Below is a drawing given to him by his father that Shikeith created as a youth. Note the presence of balloons, of a horizon, of characters situated in what seems to be a scenic ode to freedom.

 Shikieth Childhood Drawing 1

Another drawing from Shikeith’s childhood depicts images of human bodies with diverse anatomical features.

Shikieth Childhood Drawing 2

When I asked Shikeith if he felt inhibited when dreaming bodies as a child he said he did not. He went on to say, “I just find it interesting how something as beautifully innate as a creative vision can be disfigured and restricted by interaction with the world.” What these earlier works reveal is the fact that the black imagination can be a site of freedom and imprisonment.  Societal expectations, being socialized to use state-sanctioned gender labels and bias can, in fact, diminish the queer potential present in the black imagination. Shikeith’s imagination was hampered as he matured, but he has rediscovered the source that is now (and always has been) animating his art making, and he had to free his imagination to do so. He writes, “There are both structural and cultural inequalities that have formulated barriers that dictate our psychological perception of the world, each other, and ourselves… I aim to question, and reveal the bigoted, historical influences that control the ways contemporary Black males psychologically view themselves and each other.” Through art, Shikeith is allowing his imagination to maroon.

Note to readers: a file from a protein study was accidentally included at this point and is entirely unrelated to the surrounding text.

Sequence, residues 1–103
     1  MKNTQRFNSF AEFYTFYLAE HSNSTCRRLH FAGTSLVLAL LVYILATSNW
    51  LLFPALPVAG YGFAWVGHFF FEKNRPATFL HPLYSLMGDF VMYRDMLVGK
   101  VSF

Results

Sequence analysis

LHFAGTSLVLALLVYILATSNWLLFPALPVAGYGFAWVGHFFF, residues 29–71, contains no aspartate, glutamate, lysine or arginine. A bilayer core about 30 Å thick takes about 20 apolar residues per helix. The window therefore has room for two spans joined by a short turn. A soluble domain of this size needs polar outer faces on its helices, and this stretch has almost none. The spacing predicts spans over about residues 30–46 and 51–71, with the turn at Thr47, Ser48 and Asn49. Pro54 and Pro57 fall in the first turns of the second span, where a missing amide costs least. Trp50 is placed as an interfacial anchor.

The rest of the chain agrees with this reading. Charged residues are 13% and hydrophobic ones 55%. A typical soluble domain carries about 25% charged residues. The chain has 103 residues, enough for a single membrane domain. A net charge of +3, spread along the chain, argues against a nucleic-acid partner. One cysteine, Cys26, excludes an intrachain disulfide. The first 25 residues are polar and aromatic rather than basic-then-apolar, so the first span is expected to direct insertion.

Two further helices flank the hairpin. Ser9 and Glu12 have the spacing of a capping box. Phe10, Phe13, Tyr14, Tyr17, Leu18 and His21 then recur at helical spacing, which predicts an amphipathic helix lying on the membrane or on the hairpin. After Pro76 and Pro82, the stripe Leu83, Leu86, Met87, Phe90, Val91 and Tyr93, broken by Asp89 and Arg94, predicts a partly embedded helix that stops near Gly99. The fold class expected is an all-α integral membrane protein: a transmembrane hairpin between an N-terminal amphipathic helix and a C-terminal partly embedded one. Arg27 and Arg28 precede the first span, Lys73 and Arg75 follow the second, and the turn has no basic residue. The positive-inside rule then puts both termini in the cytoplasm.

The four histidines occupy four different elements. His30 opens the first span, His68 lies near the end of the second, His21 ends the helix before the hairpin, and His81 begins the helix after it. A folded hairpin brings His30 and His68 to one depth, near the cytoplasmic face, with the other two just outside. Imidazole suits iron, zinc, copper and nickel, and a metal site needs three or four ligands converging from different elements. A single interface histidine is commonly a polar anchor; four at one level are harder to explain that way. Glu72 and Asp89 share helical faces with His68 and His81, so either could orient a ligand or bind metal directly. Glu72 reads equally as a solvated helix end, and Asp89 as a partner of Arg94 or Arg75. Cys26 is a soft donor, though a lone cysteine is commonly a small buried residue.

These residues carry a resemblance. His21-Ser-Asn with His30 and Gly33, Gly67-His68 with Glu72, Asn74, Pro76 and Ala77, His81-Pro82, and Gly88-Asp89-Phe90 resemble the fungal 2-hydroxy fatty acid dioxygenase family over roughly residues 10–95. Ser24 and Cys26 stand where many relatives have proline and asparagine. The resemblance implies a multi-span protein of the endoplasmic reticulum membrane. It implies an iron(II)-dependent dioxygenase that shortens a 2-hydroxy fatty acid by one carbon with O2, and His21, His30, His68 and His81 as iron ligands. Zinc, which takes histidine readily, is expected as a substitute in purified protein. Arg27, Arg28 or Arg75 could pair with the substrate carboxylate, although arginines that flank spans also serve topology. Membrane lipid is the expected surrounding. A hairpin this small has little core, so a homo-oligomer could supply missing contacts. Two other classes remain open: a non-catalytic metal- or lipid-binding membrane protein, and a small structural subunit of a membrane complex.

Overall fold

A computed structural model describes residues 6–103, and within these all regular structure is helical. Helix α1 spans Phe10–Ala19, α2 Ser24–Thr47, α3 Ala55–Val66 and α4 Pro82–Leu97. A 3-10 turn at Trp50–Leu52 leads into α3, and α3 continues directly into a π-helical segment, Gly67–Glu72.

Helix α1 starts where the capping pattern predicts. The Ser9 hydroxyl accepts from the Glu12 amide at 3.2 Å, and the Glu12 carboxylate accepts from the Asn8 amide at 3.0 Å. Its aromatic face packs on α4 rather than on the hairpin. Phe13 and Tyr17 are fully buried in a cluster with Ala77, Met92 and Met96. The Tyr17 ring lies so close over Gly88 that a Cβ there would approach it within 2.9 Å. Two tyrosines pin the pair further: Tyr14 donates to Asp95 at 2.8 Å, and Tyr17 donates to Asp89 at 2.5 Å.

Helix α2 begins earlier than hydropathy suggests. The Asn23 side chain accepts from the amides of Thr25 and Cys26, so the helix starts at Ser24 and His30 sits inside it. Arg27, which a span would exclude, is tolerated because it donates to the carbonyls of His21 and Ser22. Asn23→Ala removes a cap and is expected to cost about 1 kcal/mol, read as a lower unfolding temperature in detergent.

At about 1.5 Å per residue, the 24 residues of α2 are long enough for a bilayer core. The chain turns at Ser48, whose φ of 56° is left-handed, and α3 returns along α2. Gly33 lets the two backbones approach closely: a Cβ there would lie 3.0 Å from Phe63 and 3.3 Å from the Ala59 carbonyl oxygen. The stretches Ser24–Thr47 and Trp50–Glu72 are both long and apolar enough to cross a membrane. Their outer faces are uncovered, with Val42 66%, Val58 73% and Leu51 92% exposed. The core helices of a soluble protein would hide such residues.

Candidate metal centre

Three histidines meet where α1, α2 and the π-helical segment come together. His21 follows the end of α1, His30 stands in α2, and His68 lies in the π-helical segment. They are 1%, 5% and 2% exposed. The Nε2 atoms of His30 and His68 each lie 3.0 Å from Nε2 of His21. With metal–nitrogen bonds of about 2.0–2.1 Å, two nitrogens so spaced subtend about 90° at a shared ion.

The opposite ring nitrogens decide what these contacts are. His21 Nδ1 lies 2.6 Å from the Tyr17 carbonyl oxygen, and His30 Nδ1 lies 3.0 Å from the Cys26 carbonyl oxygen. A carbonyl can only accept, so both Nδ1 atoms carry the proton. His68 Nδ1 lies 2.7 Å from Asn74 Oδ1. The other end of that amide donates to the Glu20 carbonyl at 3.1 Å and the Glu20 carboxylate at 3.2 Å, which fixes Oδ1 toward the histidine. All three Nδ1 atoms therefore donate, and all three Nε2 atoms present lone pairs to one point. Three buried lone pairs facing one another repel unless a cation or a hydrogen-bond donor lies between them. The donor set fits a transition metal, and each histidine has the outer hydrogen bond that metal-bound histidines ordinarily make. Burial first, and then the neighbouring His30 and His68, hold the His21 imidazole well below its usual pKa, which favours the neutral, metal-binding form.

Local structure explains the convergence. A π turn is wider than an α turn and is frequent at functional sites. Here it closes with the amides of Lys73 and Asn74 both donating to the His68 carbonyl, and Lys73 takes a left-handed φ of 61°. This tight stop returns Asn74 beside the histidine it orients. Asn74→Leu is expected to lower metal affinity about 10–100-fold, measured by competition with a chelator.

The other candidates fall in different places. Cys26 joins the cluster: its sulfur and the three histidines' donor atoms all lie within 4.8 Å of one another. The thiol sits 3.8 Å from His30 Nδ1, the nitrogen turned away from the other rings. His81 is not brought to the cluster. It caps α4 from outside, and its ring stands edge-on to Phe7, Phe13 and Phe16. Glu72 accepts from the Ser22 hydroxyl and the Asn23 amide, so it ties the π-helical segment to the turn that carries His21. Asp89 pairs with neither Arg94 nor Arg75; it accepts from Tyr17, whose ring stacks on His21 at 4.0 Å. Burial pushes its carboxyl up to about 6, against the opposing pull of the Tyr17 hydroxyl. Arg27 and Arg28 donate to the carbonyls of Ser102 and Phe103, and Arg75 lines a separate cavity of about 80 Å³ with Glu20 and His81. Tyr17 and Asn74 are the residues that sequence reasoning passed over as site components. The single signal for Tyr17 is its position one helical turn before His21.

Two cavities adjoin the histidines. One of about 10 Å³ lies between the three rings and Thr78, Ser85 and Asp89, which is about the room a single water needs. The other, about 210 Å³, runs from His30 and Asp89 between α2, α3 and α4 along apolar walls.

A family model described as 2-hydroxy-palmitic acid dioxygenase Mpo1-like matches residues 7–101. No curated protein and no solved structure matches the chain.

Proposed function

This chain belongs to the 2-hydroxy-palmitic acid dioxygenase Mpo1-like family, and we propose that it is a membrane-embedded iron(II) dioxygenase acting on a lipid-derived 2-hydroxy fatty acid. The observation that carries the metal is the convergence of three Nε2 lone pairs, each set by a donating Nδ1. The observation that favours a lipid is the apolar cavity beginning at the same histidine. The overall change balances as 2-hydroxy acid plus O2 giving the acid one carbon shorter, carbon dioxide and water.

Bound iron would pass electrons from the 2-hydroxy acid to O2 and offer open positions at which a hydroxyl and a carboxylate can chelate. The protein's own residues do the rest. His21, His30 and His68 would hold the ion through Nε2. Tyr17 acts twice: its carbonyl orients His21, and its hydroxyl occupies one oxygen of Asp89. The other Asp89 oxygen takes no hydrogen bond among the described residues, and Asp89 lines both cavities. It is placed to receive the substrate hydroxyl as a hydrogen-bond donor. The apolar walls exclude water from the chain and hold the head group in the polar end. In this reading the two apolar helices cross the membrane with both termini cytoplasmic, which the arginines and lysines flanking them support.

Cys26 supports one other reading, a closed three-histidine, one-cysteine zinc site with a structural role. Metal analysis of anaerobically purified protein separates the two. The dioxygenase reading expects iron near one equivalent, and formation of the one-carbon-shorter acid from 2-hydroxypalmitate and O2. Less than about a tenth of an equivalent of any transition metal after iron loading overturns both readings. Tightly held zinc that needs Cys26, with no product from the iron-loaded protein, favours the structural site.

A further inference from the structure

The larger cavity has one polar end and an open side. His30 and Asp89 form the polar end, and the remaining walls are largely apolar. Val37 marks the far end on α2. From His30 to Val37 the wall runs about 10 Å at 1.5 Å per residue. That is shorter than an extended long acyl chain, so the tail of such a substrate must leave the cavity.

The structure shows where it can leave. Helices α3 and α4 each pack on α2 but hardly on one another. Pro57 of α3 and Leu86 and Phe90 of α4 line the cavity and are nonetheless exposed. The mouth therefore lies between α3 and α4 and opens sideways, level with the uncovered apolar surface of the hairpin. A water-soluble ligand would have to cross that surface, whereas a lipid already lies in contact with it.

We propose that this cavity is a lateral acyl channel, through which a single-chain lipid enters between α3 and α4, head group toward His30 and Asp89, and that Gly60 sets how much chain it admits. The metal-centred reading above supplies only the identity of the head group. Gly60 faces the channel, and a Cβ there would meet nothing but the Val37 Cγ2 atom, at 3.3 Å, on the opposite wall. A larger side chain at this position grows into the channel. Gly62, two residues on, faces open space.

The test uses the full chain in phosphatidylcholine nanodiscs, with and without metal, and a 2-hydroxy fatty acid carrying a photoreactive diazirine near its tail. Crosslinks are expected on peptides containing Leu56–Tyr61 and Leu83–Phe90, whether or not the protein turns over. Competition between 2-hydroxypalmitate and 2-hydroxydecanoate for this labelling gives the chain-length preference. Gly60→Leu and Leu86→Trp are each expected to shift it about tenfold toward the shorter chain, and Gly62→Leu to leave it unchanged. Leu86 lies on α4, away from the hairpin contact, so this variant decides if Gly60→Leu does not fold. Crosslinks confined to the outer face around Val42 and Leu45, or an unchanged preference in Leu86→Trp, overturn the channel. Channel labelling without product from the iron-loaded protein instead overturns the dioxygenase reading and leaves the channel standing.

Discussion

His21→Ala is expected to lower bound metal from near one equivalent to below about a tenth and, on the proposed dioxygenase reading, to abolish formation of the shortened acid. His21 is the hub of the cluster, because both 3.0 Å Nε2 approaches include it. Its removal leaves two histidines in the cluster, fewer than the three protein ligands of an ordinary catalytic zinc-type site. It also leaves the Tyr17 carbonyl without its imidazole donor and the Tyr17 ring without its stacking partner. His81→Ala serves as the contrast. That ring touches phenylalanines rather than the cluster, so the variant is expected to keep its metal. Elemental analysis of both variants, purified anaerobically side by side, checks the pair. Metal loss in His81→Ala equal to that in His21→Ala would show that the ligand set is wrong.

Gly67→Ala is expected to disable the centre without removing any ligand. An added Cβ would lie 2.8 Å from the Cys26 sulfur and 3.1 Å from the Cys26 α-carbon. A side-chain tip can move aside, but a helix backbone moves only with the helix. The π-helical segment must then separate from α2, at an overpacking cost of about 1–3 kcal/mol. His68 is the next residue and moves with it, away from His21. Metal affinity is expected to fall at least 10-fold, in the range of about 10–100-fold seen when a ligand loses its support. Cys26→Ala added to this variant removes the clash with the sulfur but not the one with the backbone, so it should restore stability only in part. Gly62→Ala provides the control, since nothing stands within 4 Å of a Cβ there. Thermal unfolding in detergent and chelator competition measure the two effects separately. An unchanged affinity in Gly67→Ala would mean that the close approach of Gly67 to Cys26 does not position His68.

Like Shikeith, Brooklyn-based media maker, Jamal Lewis (who can be found @FatFemme on Twitter, Instagram and Soundcloud), uses art to explore gender fluidity, blackness, fatness, ugliness and beauty. Jamal’s work, in many ways, asks “which of the blacks are present and in our imagination and, as a consequence, which will be present or alive in our black futures?” What might it take to dream new social and political formations? Lewis sees the interpolation of black queer femme practices and black gender nonconforming bodies in normative formations and movement practices as a route to liberation. His imaginary is one inclusive of those on the edges of the margins. His black future consists of the undesirables running amok, to use his words, saying “fuck you” to establishment politics and respectability freeing themselves and others in the process.


Because of Jamal’s work, the centers in black movement spaces are being undone. His work is forwarding us into a black future where the leaders are no longer male or masculine identified cisgender able bodied heterosexual appeasing black folk in suits, but is inclusive of bristas, femme boys, brown bois, aggressives, trans people, gender queer, sisters and brothers. His is the “not yet here” we must claim and imagine into being. His is the black queer future that we need a liberated black imagination to conceive and build. His is an invitation to maroon and be freed.


Darnell L. Moore is a senior editor at Mic and co-managing editor at The Feminist Wire. He writes and talks shit from his stoop in Bedstuy, Brooklyn, NY. And organizes with Black Lives Matter.

This piece is composed of portions of talks given at Columbia and Northwestern Universities in 2015.